• Cura 3.5 (October 2018): Its release introduced Hotkeys and a searchable profile guide as well as the ability to save all files in the 3Mf format to improve its compatibility with other 3D software.
  • Cura 3.6 (November 2018): With this version came the introduction of material profile support for materials made by major manufacturers like BASF, DuPont, Clariant, and other members of the materials Alliance Program consortium.
  • Cura 4.0 (March 2019): This version presented the tremendous change to the user interface, making it possible for users to rate plug-ins through the support of plug-in capabilities and the incorporation of a star-based rating. The cloud-backup functionality was also included alongside support for more third-party printers.

How to Know if You Need Support

In 3D printing, support settings are used in adjusting how and where your supports will be created, support density, support pattern, distances between support and model, support overhang angles, etc.

The importance of support in 3D printing is not overrated especially if you are involved in creating complex models as well as a lot of overarching parts. However, certain things need to be considered to know if you will need support structures or not e.g. are the overhangs greater than 45˚ with respect to the vertical? If so, support will be needed to carry on with printing if it fails at a certain overhang; are the bridges wider than 5 mm? If so, support is needed to enable printing at wider distances.

Cura Support Settings and How to Fully Optimize Them

The Cura slicer comes with different settings which can be adjusted to fit your models’ supports. For a clear view of all the settings provided by Ultimaker in Cura, you can click on the Settings tab, select “Configure setting visibility…”, and choose “Check all”.

The following are support settings that can be adjusted to your taste and how to go about it:

  • Support Dual Extruder: This allows you to print main parts in one material and print soluble supports with the other extruder, and the latest version of Cura allows you to select which extruder you want to print and to which section of your support structures so that you are able to print with a combination of soluble material and your filament of choice. If you want to decrease filament cost and post-processing times, you can adjust your extruder and section matchup.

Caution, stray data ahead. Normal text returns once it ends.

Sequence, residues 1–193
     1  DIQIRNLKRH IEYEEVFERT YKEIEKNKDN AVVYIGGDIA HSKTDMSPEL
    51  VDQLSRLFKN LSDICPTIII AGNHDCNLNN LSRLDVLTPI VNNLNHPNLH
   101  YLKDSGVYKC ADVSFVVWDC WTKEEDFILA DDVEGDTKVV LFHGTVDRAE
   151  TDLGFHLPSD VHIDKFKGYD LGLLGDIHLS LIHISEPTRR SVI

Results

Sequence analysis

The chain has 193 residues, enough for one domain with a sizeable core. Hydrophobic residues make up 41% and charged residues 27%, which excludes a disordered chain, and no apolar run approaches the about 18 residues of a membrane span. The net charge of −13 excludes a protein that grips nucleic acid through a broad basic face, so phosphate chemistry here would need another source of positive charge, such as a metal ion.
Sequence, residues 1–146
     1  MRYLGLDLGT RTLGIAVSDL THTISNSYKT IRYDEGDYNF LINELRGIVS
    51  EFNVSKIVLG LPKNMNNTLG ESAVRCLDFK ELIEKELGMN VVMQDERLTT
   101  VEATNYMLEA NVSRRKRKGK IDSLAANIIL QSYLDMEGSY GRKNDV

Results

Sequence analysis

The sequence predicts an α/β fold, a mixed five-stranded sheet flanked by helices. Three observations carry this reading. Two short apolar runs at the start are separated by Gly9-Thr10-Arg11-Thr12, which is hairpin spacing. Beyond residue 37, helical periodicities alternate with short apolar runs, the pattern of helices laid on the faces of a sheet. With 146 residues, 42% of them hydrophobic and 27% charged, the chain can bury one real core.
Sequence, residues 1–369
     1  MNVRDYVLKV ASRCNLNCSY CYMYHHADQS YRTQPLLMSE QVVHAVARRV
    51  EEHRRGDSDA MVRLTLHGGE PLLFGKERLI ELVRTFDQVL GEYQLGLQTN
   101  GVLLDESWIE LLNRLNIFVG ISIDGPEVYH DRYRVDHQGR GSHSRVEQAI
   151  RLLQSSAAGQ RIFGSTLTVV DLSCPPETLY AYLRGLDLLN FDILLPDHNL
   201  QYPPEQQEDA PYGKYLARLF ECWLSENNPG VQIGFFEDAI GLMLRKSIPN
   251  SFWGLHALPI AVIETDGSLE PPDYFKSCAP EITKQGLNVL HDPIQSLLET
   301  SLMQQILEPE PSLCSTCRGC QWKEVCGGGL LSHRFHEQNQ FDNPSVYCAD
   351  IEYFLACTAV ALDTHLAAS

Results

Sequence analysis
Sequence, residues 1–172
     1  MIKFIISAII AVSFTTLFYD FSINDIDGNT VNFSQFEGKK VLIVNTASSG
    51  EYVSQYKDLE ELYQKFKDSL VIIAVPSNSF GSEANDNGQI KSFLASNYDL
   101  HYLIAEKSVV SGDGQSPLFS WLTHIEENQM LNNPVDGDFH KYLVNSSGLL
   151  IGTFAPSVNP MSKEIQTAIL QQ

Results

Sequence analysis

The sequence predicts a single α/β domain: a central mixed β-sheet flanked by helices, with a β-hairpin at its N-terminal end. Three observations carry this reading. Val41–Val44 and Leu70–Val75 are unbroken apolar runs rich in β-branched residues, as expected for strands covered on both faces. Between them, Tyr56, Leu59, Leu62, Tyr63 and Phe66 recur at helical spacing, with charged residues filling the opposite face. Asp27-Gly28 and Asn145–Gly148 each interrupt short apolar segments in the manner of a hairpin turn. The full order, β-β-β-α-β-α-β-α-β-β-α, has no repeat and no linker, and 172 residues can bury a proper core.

• Tree Support: This hollow, tree-like structure supports models that have varying angles, sizes, and paths that can be determined by certain parameters within Cura and it is an alternative to the straight and vertical option. Clicking on “Tree” in the support structure dropdown menu will activate tree supports and some of the settings that can be adjusted here are tree support: branch angle, branch distance, branch diameter, diameter angle, and collision resolution.
  • Placement: This setting will determine if you need supports to be printed everywhere they are needed for complex models or only originating from the build plate. So you can either select “Everywhere” or “Touching Buildplate” if you want to avoid imperfections on your print’s surface.
  • Overhang Angle: Here, you can change the overhang angle beyond the default angle of 45˚ which you want to generate supports. Playing around with an overhang test will help you know how well your machine can handle different angles in the long run.
  • Pattern: Support structure patterns like zig-zag, lines, concentric, etc are offered, each of them exhibiting a balance between strength, suitability for certain shapes, and ease of removal. Although some patterns are vulnerable and could detach from the surface below and collapse due to vibrations and skinny support structures, the Grid and Triangle patterns achieve sturdier supports.
  • Density: High-density support structures provide more reliable support but also more filament usage, longer print times, and more difficult post-processing, while low density supports work best for regular support areas that don’t need many contact points and they reduce filament cost, print time, and difficulty of support removal.
  • Support Brim: Activating this setting will help to improve the reliability of support structures, make sure the supports remain intact and maintain a stronger grip with the build plate, and prevent adhesion issues.